Nearly four in 10 Canadians have lied to a romantic partner about money, according to a recent Leger survey commissioned by Credit Canada and the Financial Planning Standards Council ahead of St. Valentine’s Day.
The share of those who admit to bending the truth about their finances while in a relationship is 36 per cent, according to the poll, which surveyed 1,550 Canadians at the beginning of January. And an identical percentage say the have been the victims of “financial infidelity.”
The offenses, according to the poll, are varied. Thirteen per cent say their current partner or an ex cheaped out on their contributions to shared expenses, putting in less than they should have based on their income. Lying about one’s income accounts for 8 per cent of cheating, according to the victims. Another 7 per cent said they were lied to about major expenses, such as a car, a luxury item or even a home. Seven per cent said a current or past significant other kept a “secret stash of cash” from them. Six per cent said the other person took off with all their money. And 4 per cent said they were caught by surprise when a current or former partner went bankrupt.
But, perhaps unsurprisingly in this debt-hungry country, the most common form of financial cheating was the stealth accumulation of credit card bills. Some 14 per cent of respondents said a present or past sweetheart racked up a balance unbeknownst to them.
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Men and women are equally likely to be the victims or the perpetrators of financial infidelity, the survey found. “Household income levels do not play a role either,” reads the study.
Age, on the other hand, does. Millennials are more likely (47 per cent) to say they have been on the receiving end of financial unfaithfulness. That share stands at 41 per cent among 35- to 54-year-olds, and drops significantly for older Canadians.
The reason why nearly half of 18- to 34-year-olds describe themselves as victims of money-based cheating may have something to do with social media and attitude, according to Elena Jara, director of education at Credit Canada Debt Solutions. Facebook and Instagram make it easier to find out whether someone has been lying about financial matters, she said. And today’s youth appear to have a very low tolerance of that kind of duplicity. If they find out you’ve been untruthful, “they have no problem calling you on it,” Jara said.
But how can Canadians protect themselves from heartbreak and, potentially, bankruptcy when they get romantically involved?
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Get financially naked with each other before things get serious
No matter your attitude about sex before marriage, the advice from financial experts when it comes to money matters is get naked before you commit. You need to get a good look at each other before you take the leap into things like drawing up a long-term financial plan and co-signing bank accounts and loans, Jara said.
If you’re thinking about moving in together, it’s time to lay bare each other’s finances. Here are the things you should ask to know about and be prepared to show, according to Jara:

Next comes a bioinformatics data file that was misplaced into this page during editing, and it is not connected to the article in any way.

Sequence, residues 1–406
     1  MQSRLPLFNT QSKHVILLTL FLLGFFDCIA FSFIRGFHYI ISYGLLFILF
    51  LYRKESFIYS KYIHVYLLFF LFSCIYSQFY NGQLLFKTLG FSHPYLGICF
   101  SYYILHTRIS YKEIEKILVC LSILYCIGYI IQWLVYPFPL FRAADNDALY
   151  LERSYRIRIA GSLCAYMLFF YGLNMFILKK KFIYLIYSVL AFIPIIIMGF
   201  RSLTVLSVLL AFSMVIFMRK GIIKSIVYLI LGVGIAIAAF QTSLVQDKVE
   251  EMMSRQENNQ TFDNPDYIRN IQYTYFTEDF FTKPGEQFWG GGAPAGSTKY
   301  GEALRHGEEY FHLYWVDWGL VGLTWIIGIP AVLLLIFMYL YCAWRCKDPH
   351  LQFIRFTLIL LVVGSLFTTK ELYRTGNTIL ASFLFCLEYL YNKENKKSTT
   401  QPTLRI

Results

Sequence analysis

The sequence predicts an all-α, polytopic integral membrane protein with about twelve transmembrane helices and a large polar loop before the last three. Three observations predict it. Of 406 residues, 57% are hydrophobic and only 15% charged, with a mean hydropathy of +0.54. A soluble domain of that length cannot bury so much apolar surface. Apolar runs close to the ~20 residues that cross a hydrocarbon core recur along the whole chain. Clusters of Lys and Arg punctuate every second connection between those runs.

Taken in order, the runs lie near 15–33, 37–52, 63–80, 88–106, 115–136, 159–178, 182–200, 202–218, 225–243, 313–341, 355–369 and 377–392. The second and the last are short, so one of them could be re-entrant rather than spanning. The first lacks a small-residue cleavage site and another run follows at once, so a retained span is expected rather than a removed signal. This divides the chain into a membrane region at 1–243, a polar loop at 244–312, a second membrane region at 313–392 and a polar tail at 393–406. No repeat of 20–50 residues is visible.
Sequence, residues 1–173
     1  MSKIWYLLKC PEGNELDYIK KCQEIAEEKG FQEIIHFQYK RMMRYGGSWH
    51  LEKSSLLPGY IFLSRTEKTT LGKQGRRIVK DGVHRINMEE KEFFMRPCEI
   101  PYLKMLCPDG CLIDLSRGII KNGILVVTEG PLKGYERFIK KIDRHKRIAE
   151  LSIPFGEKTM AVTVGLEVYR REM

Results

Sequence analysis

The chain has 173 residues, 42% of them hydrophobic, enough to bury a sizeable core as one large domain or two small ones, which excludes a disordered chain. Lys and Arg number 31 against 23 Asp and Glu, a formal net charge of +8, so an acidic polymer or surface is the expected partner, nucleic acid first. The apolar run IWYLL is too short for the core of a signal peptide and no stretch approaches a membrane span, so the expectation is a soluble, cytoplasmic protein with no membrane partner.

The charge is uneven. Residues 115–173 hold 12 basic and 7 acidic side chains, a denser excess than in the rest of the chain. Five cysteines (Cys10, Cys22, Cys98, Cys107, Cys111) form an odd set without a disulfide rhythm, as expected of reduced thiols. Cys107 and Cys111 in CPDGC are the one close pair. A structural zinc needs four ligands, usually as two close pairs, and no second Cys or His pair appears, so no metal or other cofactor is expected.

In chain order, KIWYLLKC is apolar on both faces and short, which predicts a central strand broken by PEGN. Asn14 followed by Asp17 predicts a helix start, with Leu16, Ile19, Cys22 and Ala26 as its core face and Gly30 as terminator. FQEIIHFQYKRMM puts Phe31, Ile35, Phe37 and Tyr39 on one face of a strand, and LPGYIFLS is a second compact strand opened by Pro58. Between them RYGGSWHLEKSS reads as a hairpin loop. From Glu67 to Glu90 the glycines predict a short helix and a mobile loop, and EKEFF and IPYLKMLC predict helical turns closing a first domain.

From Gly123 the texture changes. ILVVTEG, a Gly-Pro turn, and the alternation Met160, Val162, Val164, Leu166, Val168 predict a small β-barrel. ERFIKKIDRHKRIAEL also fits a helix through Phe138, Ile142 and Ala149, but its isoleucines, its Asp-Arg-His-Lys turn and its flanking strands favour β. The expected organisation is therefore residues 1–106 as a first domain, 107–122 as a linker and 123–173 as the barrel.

- Credit score
- All bank accounts and savings
- All credit cards and their balances
- All investments
Checking each other’s credit scores isn’t enough, said Wes Cowan, a licensed insolvency trustee and senior vice president at MNP, one of Canada’s largest debt consultancies. That’s because people can keep up solid credit score by simply making timely minimum payments on credit card or other debt. Cowan said he’s had a few clients who held up great credit scores up until the moment they had to declare bankruptcy.
The second order of business when you’re thinking of tying your financial future to someone else’s is making sure you share the same, or at least compatible, financial goals, said Jara. Are you a penny-pincher about to get hitched to a big spender? Is your significant other fixated on home ownership whereas you’d rather be a renter for life? And what do the both of you envision for retirement? As utterly unromantic as these things may sound, they matter.
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Once you have decided to take the leap together, “total transparency” is the way to go, according to Jara. Sharing bank accounts makes sense, she said. And so does adding each other as co-signatories on every credit card, which allows you to build your credit score individually, but be up to date on all household transactions, she told Global News.
On the other hand, it’s important that couples leave each other some financial autonomy, said Jara. Make sure both of you have some “me money” for personal expenses.
When you’ve tied the knot or entered into a common-law relationship, your financial behaviour will likely have significant spill-overs onto your partner. Debts racked by in one person’s name alone do not become the spouse or common-law partner’s debt, too, said Cowan. But creditors can come after half of the couple’s shared assets to recoup unpaid balances, he added.
That’s why, when it comes to financial commitment, “slow is the way to go at the beginning,” Cowan said.